Friday, January 30, 2009

Draw Me a Star by Eric Carle

I am a big fan of Eric Carle. The illustrations in his books, made with hand-painted tissue paper, are always bright and lively. His beautifully simple stories possess depth, making them enjoyable for children and adults.

Draw Me a Star is no exception. The story begins when a young artist is asked to draw a star. The artist goes on to draw a sun and a tree, a man and a woman, until he has drawn an entire world. Finally he takes hold of a star and sails away into the heavens. This is the story of creation with an artist as the creator.

I recommend this story highly, though I should warn you that the man and woman in the story appear naked. In my opinion, it is very tasteful; however, I encourage parents to preview the book and then make your decision about whether to share the story with your children.

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Thursday, January 29, 2009

Create Your Own Jackson Pollock Masterpiece

I have posted before about Jackson Pollock and his drip paintings. You may remember that Pollock created his paintings by laying large pieces of canvas on the floor of his studio and dripping paint onto them. This is a messy process.

Today, make your own Jackson Pollock painting without all the mess.

Supplies Needed:

Plastic Spoon
Box Top
Cover your workspace before you begin. You’ll need a place to set your paint covered spoon and marbles. You may also want a cup of water for rinsing you spoon. Or just use a different spoon for each color paint.

Set your sheet of paper inside the box lid.

Squirt paint onto your spoon. Drop a marble into the paint on the spoon and roll it around until it is covered with paint. You may need to squirt a little more paint on top of the marble.

Drop the marble into the box lid and roll it around. You may wish to coat the marble in paint a few times before switching to the next color. Just roll it in the spoon again, then drop it back on the paper.
Rinse your spoon or use a new one. Squirt a new paint color onto your spoon and roll a clean marble in it. Drop the marble into the box lid and roll it around.

Repeat with as many colors as you want. I recommend using about five colors.
Let your painting dry. Remove it from the box lid and enjoy!

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Tuesday, January 27, 2009

Etch A Sketch Art

More art to come, but please entertain yourselves with this fun artist. George Vlosich has created a number of masterful works of art on the Etch A Sketch! Watch this short video clip of Vlosich as he creates a portrait of President Barak Obama (about 4 minutes). Then click through a sampling of his other creations.

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Monday, January 26, 2009

Suzanne Valadon

Remember when I posted about Renoir? I know, it feels like it’s been years. Anyhow, today’s artist, Suzanne Valadon, modeled for Renoir as well as Henri de Toulouse-Lautrec who I’ll write about in the next few days. You can see her in the painting below, Dance at Bougival by Renoir.
And below is Suzanne Valadon’s own self-portrait.
Valadon was born in 1865 in France. She began her working life differently than any other artist I’ve ever written about on this blog—when she was 15 she joined the circus! Unfortunately, though lucky for the art world, she fell from the trapeze a year later and could no longer perform in the circus.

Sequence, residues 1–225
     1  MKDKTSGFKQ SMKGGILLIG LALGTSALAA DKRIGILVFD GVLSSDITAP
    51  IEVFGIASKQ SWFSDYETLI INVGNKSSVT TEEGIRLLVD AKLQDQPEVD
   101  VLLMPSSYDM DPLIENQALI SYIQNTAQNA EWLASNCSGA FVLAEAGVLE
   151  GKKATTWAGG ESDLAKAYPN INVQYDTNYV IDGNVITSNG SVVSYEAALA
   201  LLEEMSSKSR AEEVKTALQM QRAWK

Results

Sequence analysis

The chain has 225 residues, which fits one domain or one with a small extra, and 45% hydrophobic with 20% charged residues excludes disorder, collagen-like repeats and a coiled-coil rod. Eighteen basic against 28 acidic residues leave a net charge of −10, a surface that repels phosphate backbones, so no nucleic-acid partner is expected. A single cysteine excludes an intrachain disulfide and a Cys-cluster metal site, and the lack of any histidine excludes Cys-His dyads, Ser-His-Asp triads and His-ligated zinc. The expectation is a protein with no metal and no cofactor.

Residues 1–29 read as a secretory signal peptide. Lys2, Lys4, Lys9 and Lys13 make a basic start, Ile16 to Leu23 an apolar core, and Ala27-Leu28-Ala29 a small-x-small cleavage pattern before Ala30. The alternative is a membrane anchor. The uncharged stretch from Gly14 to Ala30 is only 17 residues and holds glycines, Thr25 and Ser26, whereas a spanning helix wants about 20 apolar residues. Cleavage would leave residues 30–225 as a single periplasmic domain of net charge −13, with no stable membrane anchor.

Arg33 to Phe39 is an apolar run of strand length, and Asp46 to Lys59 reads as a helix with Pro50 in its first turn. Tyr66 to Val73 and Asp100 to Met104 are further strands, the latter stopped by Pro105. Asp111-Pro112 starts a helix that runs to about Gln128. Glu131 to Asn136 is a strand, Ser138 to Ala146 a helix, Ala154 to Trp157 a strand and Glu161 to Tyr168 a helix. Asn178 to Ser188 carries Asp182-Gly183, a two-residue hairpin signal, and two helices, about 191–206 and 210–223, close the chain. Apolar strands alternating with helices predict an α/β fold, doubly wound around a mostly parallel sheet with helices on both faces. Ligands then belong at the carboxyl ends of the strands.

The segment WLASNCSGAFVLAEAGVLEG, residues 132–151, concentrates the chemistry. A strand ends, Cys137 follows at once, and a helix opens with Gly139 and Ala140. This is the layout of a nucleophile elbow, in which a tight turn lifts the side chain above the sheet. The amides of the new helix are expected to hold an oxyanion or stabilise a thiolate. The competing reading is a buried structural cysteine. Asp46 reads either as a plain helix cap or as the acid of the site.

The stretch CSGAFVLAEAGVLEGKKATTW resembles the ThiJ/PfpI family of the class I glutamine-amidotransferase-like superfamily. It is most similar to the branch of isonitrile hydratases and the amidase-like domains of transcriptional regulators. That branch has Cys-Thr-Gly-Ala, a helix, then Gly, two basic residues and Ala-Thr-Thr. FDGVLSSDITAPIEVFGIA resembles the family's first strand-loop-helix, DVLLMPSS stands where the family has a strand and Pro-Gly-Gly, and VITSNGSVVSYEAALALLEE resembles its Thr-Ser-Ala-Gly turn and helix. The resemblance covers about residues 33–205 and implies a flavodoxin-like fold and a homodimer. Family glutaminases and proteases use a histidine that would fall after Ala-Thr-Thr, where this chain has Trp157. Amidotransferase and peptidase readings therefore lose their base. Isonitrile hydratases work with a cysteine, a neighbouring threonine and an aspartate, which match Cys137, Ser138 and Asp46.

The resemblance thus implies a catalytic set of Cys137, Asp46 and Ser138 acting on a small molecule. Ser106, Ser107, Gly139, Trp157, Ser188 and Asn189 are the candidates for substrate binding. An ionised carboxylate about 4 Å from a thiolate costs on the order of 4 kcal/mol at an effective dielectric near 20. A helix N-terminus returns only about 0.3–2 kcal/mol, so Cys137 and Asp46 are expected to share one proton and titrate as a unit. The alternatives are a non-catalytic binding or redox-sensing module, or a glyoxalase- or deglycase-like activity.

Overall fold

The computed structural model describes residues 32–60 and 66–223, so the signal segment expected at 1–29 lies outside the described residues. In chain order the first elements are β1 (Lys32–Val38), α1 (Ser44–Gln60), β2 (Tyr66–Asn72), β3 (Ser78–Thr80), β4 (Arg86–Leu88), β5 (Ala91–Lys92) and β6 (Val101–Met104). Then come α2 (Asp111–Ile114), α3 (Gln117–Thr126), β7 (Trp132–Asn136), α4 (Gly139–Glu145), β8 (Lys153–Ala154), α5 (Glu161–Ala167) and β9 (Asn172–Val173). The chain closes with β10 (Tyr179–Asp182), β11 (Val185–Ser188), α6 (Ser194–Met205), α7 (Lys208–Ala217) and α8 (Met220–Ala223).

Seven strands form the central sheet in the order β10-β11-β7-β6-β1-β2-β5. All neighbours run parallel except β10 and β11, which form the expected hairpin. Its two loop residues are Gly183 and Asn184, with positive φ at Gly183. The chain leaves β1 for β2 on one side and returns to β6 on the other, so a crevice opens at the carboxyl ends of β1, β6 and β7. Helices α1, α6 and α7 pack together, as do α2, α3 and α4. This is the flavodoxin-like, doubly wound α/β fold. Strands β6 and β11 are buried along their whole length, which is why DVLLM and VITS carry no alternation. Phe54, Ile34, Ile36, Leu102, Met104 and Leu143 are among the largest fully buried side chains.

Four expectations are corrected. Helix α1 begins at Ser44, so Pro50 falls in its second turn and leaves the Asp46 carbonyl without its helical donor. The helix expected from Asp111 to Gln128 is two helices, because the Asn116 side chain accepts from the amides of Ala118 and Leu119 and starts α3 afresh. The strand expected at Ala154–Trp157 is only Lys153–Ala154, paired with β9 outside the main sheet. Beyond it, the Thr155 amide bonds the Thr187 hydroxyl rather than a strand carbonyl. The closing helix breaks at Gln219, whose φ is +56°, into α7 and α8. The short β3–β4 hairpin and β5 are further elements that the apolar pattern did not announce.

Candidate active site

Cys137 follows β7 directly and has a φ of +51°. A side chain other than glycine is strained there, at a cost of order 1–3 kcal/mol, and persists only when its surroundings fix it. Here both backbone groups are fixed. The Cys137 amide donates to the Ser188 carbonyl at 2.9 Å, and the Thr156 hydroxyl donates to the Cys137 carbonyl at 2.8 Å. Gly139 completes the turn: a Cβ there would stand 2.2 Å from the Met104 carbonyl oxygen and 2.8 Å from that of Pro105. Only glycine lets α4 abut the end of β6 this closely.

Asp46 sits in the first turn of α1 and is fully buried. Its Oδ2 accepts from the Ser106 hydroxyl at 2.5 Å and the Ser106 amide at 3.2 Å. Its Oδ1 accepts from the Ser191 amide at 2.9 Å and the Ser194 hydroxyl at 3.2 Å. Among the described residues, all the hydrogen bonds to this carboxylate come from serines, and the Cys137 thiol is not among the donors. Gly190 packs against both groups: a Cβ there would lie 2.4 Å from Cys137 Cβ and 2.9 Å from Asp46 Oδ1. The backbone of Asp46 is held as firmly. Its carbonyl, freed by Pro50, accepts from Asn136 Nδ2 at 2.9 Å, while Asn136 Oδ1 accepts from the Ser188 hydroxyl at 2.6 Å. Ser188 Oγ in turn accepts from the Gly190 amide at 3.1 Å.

Valadon was interested in art so she began to make friends with artists. She became a model for several of the artists she met and watched the painters work. This is how she began her training as an artist. The artists believed in her talent and helped her when they could. Henri de Toulouse-Lautrec gave Valadon painting lessons. Edgar Degas, whose paintings and sculptures of ballerinas you may remember, bought some of her paintings so she could continue to create art.

Valadon held her first exhibition in 1915. Art critics liked her work and she sold many pieces. The upper class, though, was shocked by many of her paintings which showed nude women.

Valadon was an interesting woman. She spent time in the taverns with the male artists with whom she fit in well. This was not common among women in the late 1800s. She also kept a goat in her studio to eat the drawings she didn't like.

Suzanne Valadon painted in bright colors outlined in thick black. Look at the colors and lines in the landscape shown below.

Valadon died in 1938.

Suzanne Valadon’s son, Maurice Utrillo, also became a painter. I’ll post about him within the next few days as well.

I encourage you to look for more of Suzanne Valadon's paintings. Be sure to ask your parent's permission first.

Tuesday, January 20, 2009

Presidential Campaign Buttons

Thank you all for the well-wishes. The move is going pretty smoothly but I still have another week of work to do. I'll get back to regular posting soon. And I can't wait to catch up on reading all of your blogs!

Today Barak Obama will be sworn in as the president of the United States. Barak Obama has inspired a wide range of art that has been printed on posters, t-shirts, hats, and, of course, buttons. So what better day is there to write about presidential campaign buttons?

When George Washington was sworn in as president in 1789, he and some of his supporters wore buttons that said “G.W.” in the center and “Long Live the President” around the edge (shown below). Washington did not use these buttons to campaign, but the presidential candidates who followed him did.

The first campaign buttons were used in 1824 when John Quincy Adams was elected president over Andrew Jackson. The buttons were made of metal with words and pictures stamped into them. The buttons were hung from a cord and worn around the neck. Shown below is a button used by Abraham Lincoln in 1860. Notice the hole in the top.
In 1896 a new type of button was introduced. The words and pictures were printed on paper and then covered with a clear film called celluloid. You can see an example below from William Jennings Bryan who lost to William McKinley in 1896.
Candidates still used the metal buttons in 1896, though. Below is one of McKinley’s buttons from 1896.